I had a couple of Pink Floyd books to drop off for my friend Chris and he had shoes for me. So, the plan - hatched earlier today - was for me to come see him at his second job, tending bar at Brew-Stirs Fun Pub. We would have a couple of drinks, try our hand at Keno and that would be that.
It was a pretty good plan. One I executed flawlessly while I was married and lived within walking distance to Brew-Stirs. A friend of mine told me that I was more fun when I was drunk, and I think that's true to a certain extent. Tee oh double dee, if you're reading this, you're getting more than one honest paragraph tonight, brother.
So..I got home from work. I actually felt pretty good about how the week went overall. Things seem to be on the upswing and I am cautiously optimistic. Stopped at the Bethel store on the way home. Got in the door about 90 minutes after I left the office and threw on some Archer: Vice. A nice dinner of alternating peanut-butter on crackers and sharp cheddar on saltines rounded out the dinner. The plan was to eat light in the event that Chris suggested ordering Classic's Pizza (again, part of the pattern).
Somewhere along the way, I fell asleep. I awoke at around 10PM and damn near said fuck it to the whole thing. I didn't know if Chris remembered the shoes, and it's not like there was any kind of time crunch on the Pink Floyd books, after all, they're pretty much broken up as a band. But I rallied and wound up getting to the Fun Pub about 10:30. Got to see my man Jason in the DJ booth. Chris was working bar with Christie and some bar-back I didn't recognize.
The bar was packed. It took about 20 minutes for me to get settled in. About halfway through my second beer and once the Keno started flowing, I noticed a few things.
The Bar Crowd is Getting Younger
At first glance, I really thought I walked in to some kind of weird after-prom. My daughter is almost 22 and she looked older than a large number of the patrons I saw tonight. I swear if a high-school teacher had walked in, they'd scatter like roaches in a suddenly lit kitchen.
The problem with a younger crowd is that they all think that life is perfect, that they are beautiful, and that everyone should love them. In other words, they are obnoxious as fuck. Which leads to the next item.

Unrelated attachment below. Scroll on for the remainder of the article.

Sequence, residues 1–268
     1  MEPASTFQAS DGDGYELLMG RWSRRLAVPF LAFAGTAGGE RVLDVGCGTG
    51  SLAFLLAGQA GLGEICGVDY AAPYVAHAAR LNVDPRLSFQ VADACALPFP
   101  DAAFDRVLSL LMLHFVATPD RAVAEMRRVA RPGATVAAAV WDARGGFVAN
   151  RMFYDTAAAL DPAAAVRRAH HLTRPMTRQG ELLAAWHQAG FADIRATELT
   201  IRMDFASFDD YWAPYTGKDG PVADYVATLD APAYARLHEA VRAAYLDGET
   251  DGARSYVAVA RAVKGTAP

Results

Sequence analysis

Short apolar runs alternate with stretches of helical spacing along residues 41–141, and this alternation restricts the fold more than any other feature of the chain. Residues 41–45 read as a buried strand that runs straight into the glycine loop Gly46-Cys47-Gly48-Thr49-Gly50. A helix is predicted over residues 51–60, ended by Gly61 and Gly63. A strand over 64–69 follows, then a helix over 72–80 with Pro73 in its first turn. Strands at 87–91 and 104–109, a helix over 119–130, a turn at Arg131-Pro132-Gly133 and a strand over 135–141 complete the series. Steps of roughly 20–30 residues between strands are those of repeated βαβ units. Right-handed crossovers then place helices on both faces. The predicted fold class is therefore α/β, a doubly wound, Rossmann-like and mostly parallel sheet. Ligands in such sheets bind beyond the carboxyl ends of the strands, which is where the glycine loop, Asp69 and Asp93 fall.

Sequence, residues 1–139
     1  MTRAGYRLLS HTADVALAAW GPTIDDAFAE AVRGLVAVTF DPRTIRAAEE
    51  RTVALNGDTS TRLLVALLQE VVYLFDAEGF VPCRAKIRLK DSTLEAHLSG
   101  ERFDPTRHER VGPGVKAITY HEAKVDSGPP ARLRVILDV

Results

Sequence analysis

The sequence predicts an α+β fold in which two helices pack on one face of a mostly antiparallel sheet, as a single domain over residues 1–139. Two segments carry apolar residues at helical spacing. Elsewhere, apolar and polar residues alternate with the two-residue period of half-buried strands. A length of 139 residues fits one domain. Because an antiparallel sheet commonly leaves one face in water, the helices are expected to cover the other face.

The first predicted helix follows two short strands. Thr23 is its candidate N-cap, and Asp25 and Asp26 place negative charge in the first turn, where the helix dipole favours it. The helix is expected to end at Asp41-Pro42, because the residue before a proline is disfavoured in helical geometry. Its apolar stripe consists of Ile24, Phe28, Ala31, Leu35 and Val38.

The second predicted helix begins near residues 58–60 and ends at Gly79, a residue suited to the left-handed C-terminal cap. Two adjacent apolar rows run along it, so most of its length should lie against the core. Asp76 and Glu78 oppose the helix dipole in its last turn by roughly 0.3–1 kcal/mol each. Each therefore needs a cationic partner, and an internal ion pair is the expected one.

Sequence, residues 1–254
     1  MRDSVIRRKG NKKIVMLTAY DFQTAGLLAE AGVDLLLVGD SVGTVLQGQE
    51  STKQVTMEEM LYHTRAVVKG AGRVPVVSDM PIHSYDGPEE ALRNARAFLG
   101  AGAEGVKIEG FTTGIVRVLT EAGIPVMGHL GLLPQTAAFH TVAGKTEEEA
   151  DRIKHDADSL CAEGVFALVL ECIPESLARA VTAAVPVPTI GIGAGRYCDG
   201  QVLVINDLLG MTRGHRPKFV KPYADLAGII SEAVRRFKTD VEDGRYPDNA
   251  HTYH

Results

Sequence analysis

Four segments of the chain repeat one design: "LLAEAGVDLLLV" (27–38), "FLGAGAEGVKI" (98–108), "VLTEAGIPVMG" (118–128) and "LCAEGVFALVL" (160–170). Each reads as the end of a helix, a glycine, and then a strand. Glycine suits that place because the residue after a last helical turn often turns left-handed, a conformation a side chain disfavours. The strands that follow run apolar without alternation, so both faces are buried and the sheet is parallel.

Drunk People Have No Filter
None. Zip. Zilch. A country song that lends itself to crowd participation came on and this twenty-something starts dancing at the bar, next to where I'm sitting. And by 'dancing' I mean flopping. And bumping in to everyone. To the point after the 3rd time she realized she was bumping in to me and continued to do so, I set my elbow a position to passively jab her in the back or side at the next lunge or vocal refrain.
She reciprocated by telling, nay shouting, in my ear that I wasn't being nice and it didn't look like I was having fun. I looked at her and calmly said, "you've been here longer than I. You're clearly way ahead of me in the fun department." To which she again shout-sang more Garth lyrics directly in to my ear. I said something along the lines of, "Oh for fucks sake...seriously?!?!" and left her vicinity.
Drunk People Have No Boundaries
The incessant drunk-college-girl annoyances only served to underscore the fact that as alcohol consumption increases, the recognition of boundaries decreases. Personal space is a real thing whether you're drunk as fuck or not. And I know this is hard to believe, but there are times I actually go to a bar just to have a couple of drinks. Blackout-drunk isn't actually on the list most of the time. Hasn't been for years. That's not to say I won't tie one on if I'm in walking distance.
Avoid the High Visibility Areas
It was a rookie mistake. I wasn't there to get drunk, but clearly others were. And by sitting in certain areas of the bar, you make yourself a target for all of the above bullshit. If you sit somewhere close to an area that's in the bartender's frequent line of site, expect the bullshit. For the simple reason that you are sitting in the danger zone. That area where people congregate trying to get the bartender's attention in order to get served. Because you know...drunk. I knew this, but had forgotten last night. A situation quickly rectified. It still didn't stop all of the bumping and the awkward reaches as people went for their shots of Purple Injustice or whatever the fuck the disenfranchised youth are drinking these days. Seriously. Did I mention how young these kids looked?
Silence Makes Drunk People Nervous
Once I got settled in to the right seat and the Keno routine was set, there wasn't much for me to do but watch the board. When Chris had a chance, we chatted. When Jason had a long song on and came over, we chatted. I didn't go with anyone. And therefore didn't really have anything to say to anyone. I had two beers. As such, the medicinally lubricating effects of alcohol had not kicked in. I didn't feel like dancing and I was nowhere near the point where everyone in the bar was my friend and I loved everyone. Water doesn't typically have that effect.